The vibration of my phone was the first thing I heard from that eerie moment when you are just waking up but not quite awake when the reality of the previous day’s tragedy hasn’t hit you yet. It was easy to guess who might be calling me at that time since I have no boyfriend. My mum’s daily calls had become almost hourly since hoodlums and thugs started taking over the streets and attacking people. I was immediately reminded of the tragedy that was cast when she told me she heard that soldiers would be deployed to the streets and it would be difficult to move around. “I don’t want you to go to the main road to withdraw at the ATM machine” she said referring to St Finbarrs road where the First Choice and Nation’s Pride Institution is situated. I totally understood, I understood because I remembered Oke.

Twitter has been everything to me. My entertainment in times of boredom, my media to keep me informed of what is happening, the place where I get opportunities about different things. Twitter is that place where young people have felt a sense of belonging, where you can debate with someone far away whom you’ve never met. It cuts across social class and strata. It cuts across the homogenous nature of Nigeria and it informs you to understand issues from the perspective of other people. You just realize that the world doesn’t revolve around you. I believe that we had been preparing as young people to protest and be bold and resilient we just didn’t know. We had enough practice talking about the different kinds of oppression we suffered from parents, school system, patriarchy, religion etc. I used to feel I was too addicted to the app, It’s almost the first thing I check in the morning when I wake up and can spend hours scrolling through looking for nothing but something. You keep scrolling because you never know if the next tweet will be what you need, maybe a business opportunity, an educational opportunity, an article or information that would make your life better.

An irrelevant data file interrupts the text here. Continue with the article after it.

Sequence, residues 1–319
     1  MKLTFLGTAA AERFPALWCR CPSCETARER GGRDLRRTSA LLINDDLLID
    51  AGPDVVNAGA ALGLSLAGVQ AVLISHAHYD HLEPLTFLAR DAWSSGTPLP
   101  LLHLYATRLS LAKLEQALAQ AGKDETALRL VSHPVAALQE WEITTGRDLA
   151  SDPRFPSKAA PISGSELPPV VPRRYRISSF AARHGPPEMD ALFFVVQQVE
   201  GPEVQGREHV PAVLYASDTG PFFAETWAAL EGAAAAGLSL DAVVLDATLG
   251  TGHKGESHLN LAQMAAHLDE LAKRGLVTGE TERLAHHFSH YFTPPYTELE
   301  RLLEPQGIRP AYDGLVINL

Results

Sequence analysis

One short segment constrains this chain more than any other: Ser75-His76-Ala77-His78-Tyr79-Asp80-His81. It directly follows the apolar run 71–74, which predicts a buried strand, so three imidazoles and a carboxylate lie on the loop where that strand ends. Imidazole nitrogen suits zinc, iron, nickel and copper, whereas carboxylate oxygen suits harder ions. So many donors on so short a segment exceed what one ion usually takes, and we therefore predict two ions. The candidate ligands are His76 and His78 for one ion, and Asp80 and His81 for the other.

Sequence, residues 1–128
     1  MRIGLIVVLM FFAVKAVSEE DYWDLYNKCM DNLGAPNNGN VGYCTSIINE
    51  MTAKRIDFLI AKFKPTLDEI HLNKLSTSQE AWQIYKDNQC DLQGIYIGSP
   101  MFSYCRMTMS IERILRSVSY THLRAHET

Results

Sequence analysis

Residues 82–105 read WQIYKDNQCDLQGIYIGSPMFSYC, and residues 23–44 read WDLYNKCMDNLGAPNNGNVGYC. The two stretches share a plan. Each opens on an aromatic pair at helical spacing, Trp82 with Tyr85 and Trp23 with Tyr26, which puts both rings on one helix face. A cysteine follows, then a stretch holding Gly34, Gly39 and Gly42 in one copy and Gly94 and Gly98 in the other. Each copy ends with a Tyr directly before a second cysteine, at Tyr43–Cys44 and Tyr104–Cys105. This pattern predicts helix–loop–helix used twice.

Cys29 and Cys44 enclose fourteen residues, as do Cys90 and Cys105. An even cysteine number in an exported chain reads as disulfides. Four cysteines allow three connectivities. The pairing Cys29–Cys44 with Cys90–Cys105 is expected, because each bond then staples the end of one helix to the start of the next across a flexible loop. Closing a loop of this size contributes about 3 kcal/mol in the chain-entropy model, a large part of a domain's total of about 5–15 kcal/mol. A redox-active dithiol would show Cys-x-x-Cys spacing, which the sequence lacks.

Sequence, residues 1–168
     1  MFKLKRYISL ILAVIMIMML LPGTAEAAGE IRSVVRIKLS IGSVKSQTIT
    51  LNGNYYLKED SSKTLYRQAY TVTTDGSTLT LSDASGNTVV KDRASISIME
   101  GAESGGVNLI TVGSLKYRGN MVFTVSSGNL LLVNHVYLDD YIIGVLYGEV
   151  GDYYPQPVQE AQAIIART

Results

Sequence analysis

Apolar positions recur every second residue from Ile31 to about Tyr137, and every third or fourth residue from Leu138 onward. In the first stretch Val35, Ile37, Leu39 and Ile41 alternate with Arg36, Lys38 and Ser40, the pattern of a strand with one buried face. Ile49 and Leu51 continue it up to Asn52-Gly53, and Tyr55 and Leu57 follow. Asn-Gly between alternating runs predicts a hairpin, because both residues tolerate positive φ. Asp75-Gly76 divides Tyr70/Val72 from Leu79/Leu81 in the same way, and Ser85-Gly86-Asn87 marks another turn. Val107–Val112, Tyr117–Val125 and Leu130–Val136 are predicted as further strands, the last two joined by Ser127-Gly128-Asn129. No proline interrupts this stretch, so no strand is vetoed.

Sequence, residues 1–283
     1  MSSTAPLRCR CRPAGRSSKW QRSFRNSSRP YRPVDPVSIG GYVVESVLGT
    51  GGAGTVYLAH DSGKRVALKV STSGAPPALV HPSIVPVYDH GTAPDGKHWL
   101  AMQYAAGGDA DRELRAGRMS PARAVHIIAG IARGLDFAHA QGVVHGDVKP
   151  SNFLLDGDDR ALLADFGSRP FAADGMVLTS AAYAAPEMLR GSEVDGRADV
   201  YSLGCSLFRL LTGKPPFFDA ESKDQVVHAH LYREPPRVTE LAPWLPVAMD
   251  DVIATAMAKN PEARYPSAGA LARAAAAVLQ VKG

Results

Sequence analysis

So when the #EndSars movement began — more like started again, I was following it from the get go, didn’t quite know what to make of it until I realized that the protest had been continuing for three days, it resonated with me not because I have any encounter with Sars but because I could understand that we needed to put our money where our mouth is and that’s exactly what we were doing. I was impressed that we kept it going and I was willing to join. So twitter became the place where we got information about the protest. There are several things that impressed me about the protest that didn’t particularly give me hope that we would get the change we desired but the fact that we were bold enough to ask for change was just enough.

Then things changed, the government started resisting the protest, it was beginning to make them uncomfortable because it had gone on for far too long than they expected and it was growing bigger and becoming better organized. Hoodlums or the people Nigeria had neglected for so long started taking advantage of the situation.